Yes! Always! Chickens lose essential vitamins and minerals because they lay eggs daily. It’s a huge toll on their little bodies. Feeding their eggs back to them is a wonderful way to replenish their bodies. You can cook the eggs any way you like or, if you feed them raw, make sure they are clean eggs. Include the shells if they are clean, they contain great calcium.

BUT I FEEL BAD ABOUT TAKING THEIR EGGS AWAY. CAN’T I LEAVE THEM THERE FOR THEM?

Commercial egg layers are selectively bred to not be broody. Commercial egg layers do not care about their eggs and would rather eat them than you leaving them in a nest for them. The eggs you leave will either be eaten by crows and snakes or will start to rot away in the nest. Remove all eggs and feed them back to your hens! They will love you for it.

MY HENS AREN’T LAYING. I WANT TO GET RID OF THEM. WHO WILL TAKE THEM? 

If you no longer want your hens because they aren’t laying, mostly likely due to illness, PLEASE contact me and I will either take them in or find homes for them. Your chickens deserve so much more and they deserve a life where they can live without the fear of being killed if they don’t produce eggs.

At the end of the day, my most valuable advice is  –

PLEASE TAKE YOUR CHICKEN TO A VET! THEY ARE WORTH JUST AS MUCH CARE AS YOUR CAT AND DOG!

 

BACK TO TOP|SHARE ON FACEBOOK|TWITTER|CONTACT ME

Merry

Merry was rescued one hot summer’s night in January, 2018. She was 4 weeks old at the time and was meant to live in that faeces soaked shed until she was 7-9 weeks old when she would have been sent to slaughter for meat. Ducks are aquatic birds and live to swim, they clean themselves by swimming in water. In intensive duck farms, no pools of water are ever provided for ducks. One of their most basic, instictual needs is completely denied in intensive farming.

I saw Merry towards the back of the group of ducks. She was smaller than the rest and ended up sitting down whilst the rest of them walked on. I decided to take her because she was so small and I knew she didn’t look terribly healthy. I grabbed her quite easily and took her home with her friends Pippin and Legolas (all names from Lord Of The Rings).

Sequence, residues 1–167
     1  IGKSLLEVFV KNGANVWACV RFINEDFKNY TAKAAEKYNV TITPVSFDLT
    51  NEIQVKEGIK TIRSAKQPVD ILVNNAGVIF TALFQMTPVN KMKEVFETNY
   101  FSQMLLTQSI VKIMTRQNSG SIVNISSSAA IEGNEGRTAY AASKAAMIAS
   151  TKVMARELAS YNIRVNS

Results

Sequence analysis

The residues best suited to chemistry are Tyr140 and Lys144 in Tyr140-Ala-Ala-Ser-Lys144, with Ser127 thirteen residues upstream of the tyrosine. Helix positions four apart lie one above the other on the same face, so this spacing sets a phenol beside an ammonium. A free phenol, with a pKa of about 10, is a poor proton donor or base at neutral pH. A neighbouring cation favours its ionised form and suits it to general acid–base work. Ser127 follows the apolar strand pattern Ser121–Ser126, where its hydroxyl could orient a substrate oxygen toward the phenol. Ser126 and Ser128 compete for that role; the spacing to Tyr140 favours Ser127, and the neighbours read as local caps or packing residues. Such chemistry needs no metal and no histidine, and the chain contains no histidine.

This image was taken by Unconsciously Cruel www.facebook.com/unconsciouslycruel

Merry is a very affectionate little lady. She craves touch and spends as much time as possible close to her friends. She always makes sure she has her beak resting on Pippin. She had a respiratory infection that meant I had to medicate her daily. With daily interaction and patting, Merry has realised that I’m not so bad. Animals rescued from farms are usually terrified of humans. The only times they see humans are stressful situations when farmers are clearing dead animals out of sheds or when it’s time to be sent to slaughter. For an animal who has lived in these conditions to start to trust a human, it is a very special thing.

Merry has not only discovered the joy of water and being able to swim, she’s also learnt all about the happiness of oats! Oats are her new favourite thing. She prefers them watered down, but oats, water and Pippin are currently her world and that is such a big different to her world that was a shed with a floor made of poo and a future that was a very stressful death.

The following footage is the first time Merry and Pippin ever saw the water.

BACK TO TOP|SHARE ON FACEBOOK|TWITTER|CONTACT ME

Legolas

Legolas was just four weeks old, hatched on this free range duck farm and then thrown in to this shed to live for the next 7-9 weeks until slaughter.

She dragged herself around that huge shed full of thousands of Pekin ducks all born and bred to be a meal. Her leg had suffered a massive break at some point and she could not put weight on it, so she dragged it around with her and used all her strength to hop and slid around the shed following her shed mates. She was only 4 weeks old, but she had already been handed more suffering than most could handle.

Blind since she was born. Suffering congenital cataracts, she never saw the faeces covered shed that she lived in. She never saw her shed mates, but she could feel and hear where they were and tried to be with them at all times for her safety. Ducks in intensive farms are not provided with pools or water to swim in. Ducks are aquatic birds and their need to be in water is as great as a bird’s need to fly. Denying ducks of water in the height of cruelty.

I first remember seeing her laying next to another duck who was trapped on her back. I picked up that duck and she ran off, Legolas didn’t run off though. Realising she was incredibly injured, I took her over to the water feeders where she drank enthusiastically out of my hand when she realised what I was trying to get her to do.

This image was taken by Unconsciously Cruel www.facebook.com/unconsciouslycruel

Yes, Legolas was rescued, but thousands of other weren’t. Thousands of others still sleep on their bed of duck poo in this free range farm until it’s time for slaughter. Being completely blind, Legolas had no idea who was there in her presence, but she knew someone was there. She had no idea that the hands that were about to pick her up were going to shield her the best they could from harm. She had no idea that the person picking her up only wanted kindness and love for her. Legolas was petrified, but she was rescued. She was taken away from that place.